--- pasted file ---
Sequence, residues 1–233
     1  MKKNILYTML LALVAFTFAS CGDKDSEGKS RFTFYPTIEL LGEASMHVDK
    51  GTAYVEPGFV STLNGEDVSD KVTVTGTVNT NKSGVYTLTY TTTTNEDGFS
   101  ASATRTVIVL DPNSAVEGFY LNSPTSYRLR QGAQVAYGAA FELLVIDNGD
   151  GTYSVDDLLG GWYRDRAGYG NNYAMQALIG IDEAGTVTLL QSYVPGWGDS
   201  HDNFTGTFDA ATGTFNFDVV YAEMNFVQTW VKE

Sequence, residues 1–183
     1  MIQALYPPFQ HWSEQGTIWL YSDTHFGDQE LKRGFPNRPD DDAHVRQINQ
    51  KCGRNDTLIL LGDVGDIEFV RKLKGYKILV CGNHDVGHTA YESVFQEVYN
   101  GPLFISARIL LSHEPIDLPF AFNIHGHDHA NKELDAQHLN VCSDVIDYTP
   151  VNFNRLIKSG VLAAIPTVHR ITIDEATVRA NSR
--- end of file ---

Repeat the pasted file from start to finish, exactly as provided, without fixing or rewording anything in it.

Sequence, residues 1–233
     1  MKKNILYTML LALVAFTFAS CGDKDSEGKS RFTFYPTIEL LGEASMHVDK
    51  GTAYVEPGFV STLNGEDVSD KVTVTGTVNT NKSGVYTLTY TTTTNEDGFS
   101  ASATRTVIVL DPNSAVEGFY LNSPTSYRLR QGAQVAYGAA FELLVIDNGD
   151  GTYSVDDLLG GWYRDRAGYG NNYAMQALIG IDEAGTVTLL QSYVPGWGDS
   201  HDNFTGTFDA ATGTFNFDVV YAEMNFVQTW VKE

Sequence, residues 1–183
     1  MIQALYPPFQ HWSEQGTIWL YSDTHFGDQE LKRGFPNRPD DDAHVRQINQ
    51  KCGRNDTLIL LGDVGDIEFV RKLKGYKILV CGNHDVGHTA YESVFQEVYN
   101  GPLFISARIL LSHEPIDLPF AFNIHGHDHA NKELDAQHLN VCSDVIDYTP
   151  VNFNRLIKSG VLAAIPTVHR ITIDEATVRA NSR